The Childhood of Jesus

The Childhood of Jesus

Book - 2013
Average Rating:
Rate this:
"A major new novel from the Nobel Prize-winning author of Waiting for the Barbarians, The Life & Times of Michael K and Disgrace Nobel laureate and two-time Booker Prize winner J. M. Coetzee returns with a haunting and surprising novel about childhood and destiny that is sure to rank with his classic novels. Separated from his mother as a passenger on a boat bound for a new land, David is a boy who is quite literally adrift. The piece of paper explaining his situation is lost, but a fellow passenger, Simón, vows to look after the boy. When the boat docks, David and Simón are issued new names, new birthdays, and virtually a whole new life. Strangers in a strange land, knowing nothing of their surroundings, nor the language or customs, they are determined to find David's mother. Though the boy has no memory of her, Simón is certain he will recognize her at first sight. "But after we find her," David asks, "what are we here for?" An eerie allegorical tale told largely through dialogue, The Childhood of Jesus is a literary feat-a novel of ideas that is also a tender, compelling narrative. Coetzee's many fans will celebrate his return while new readers will find The Childhood of Jesus an intriguing introduction to the work of a true master"-- Provided by publisher.
Publisher: New York : Viking, [2013]
ISBN: 9780670014651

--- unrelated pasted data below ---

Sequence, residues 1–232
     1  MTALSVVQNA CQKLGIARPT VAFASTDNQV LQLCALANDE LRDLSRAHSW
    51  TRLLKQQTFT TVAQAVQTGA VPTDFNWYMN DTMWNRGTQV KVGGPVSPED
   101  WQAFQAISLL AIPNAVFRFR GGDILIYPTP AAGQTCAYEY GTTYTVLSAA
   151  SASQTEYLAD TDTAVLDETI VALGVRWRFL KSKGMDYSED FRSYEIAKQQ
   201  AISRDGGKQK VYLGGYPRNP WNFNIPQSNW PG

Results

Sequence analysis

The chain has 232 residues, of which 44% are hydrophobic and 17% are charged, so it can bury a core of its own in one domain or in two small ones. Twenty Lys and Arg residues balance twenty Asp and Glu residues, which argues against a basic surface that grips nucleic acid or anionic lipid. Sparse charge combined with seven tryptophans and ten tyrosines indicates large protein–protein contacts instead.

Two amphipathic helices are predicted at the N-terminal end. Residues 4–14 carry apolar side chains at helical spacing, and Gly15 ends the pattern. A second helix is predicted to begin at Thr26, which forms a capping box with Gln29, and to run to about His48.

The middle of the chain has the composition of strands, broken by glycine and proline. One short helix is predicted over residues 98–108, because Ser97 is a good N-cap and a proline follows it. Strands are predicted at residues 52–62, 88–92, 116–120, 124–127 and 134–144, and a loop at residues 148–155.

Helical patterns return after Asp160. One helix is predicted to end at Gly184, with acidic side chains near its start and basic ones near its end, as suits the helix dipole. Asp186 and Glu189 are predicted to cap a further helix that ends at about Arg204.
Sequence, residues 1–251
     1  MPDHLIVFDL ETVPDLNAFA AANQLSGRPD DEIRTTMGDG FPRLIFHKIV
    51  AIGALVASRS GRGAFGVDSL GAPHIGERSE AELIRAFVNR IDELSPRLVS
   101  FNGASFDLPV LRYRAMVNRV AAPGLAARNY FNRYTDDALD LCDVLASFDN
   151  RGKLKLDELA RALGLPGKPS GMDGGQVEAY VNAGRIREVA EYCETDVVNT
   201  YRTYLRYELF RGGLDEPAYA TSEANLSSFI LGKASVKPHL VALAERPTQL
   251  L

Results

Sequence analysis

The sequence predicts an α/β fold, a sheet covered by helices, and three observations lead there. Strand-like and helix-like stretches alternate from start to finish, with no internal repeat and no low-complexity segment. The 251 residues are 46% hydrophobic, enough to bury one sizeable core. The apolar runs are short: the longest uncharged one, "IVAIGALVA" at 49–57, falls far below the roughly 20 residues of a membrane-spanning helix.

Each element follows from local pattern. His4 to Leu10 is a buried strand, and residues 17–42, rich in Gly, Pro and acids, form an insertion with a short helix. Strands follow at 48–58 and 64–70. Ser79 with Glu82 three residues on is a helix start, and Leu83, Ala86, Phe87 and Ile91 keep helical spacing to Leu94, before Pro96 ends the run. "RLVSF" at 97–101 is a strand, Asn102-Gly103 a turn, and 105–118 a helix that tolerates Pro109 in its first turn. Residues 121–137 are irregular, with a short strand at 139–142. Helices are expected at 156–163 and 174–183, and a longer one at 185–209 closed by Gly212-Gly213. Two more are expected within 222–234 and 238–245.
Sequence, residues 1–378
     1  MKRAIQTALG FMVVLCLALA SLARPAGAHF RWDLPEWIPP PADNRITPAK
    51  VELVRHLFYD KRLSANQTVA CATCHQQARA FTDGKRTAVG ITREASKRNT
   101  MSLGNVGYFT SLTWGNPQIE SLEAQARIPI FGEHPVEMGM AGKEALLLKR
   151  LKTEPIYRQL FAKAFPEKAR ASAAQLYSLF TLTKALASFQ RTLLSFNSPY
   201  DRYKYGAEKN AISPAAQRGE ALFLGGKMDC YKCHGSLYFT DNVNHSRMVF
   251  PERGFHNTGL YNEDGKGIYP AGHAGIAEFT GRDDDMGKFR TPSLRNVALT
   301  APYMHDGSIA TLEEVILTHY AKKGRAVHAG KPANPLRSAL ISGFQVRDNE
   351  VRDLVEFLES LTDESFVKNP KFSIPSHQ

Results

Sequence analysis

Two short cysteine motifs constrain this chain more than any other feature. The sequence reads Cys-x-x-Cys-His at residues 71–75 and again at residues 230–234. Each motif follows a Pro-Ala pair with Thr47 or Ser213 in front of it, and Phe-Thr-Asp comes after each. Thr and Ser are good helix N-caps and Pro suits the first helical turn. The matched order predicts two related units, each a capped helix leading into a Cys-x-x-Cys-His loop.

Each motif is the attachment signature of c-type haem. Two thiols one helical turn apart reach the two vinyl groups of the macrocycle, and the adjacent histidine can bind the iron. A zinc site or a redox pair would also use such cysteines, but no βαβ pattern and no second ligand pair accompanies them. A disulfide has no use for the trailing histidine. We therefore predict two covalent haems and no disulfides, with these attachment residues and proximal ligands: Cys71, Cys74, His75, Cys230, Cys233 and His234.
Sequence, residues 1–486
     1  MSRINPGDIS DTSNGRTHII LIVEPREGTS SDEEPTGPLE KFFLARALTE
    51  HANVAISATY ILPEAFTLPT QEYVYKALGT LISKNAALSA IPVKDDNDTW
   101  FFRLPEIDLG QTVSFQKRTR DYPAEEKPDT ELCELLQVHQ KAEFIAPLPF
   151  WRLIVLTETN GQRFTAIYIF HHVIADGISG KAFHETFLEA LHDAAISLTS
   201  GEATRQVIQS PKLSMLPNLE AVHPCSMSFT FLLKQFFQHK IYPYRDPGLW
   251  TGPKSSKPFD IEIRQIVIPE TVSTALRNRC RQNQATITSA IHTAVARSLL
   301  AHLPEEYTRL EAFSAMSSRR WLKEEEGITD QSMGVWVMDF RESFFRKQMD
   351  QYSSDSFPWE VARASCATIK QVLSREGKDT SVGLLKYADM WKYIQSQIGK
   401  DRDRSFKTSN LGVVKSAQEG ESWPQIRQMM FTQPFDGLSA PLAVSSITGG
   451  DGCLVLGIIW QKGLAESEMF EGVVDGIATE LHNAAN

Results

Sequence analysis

Branch Call Number: FICTION COETZEE J
Characteristics: 277 pages ; 22 cm


From the critics

Community Activity


Add a Comment
Feb 03, 2019

I was quite looking forward to reading this book, and it was a major disappointment, so much so that I ought not to have even finished it. Its very flat and still. Two people, a man and a boy (not his son), come into an unnamed country (but much like Spain) where they ignore or even forget their past lives and societies and try to make a new life, whilst the man tries to find the true mother of the boy which he has promised to do after they are rescued. Is this a parable on refugees? No. They get some shelter from a government office, and eventually get a small apartment, the man (called Simon) gets a job hauling bags of grain on his back from ships to the transport (a trailer towed by horse!). They go around in the small city, and eventually wander around on a place where wealthy unemployed people play tennis, and where from only a glance, Simon recognizes the true mother of the boy, and tries, eventually successfully, to get her to adopt the boy (but not legally). There are many little homilies and discussions that end in questions, not followed up on. The book gets interesting by the end where they all try to escape because the government wants to send the child to a reform school because the boy is insubordinate and disobedient. We don't know how it ends because the book ends too soon. If this book didn't have "Coetzee" written on it, it would not have got published.

Jun 06, 2017